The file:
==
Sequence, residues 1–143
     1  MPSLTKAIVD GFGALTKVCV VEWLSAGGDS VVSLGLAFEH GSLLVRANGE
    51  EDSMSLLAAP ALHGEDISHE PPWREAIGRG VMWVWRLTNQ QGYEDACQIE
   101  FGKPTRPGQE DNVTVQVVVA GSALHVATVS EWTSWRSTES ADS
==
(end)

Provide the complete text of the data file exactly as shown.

Sequence, residues 1–143
     1  MPSLTKAIVD GFGALTKVCV VEWLSAGGDS VVSLGLAFEH GSLLVRANGE
    51  EDSMSLLAAP ALHGEDISHE PPWREAIGRG VMWVWRLTNQ QGYEDACQIE
   101  FGKPTRPGQE DNVTVQVVVA GSALHVATVS EWTSWRSTES ADS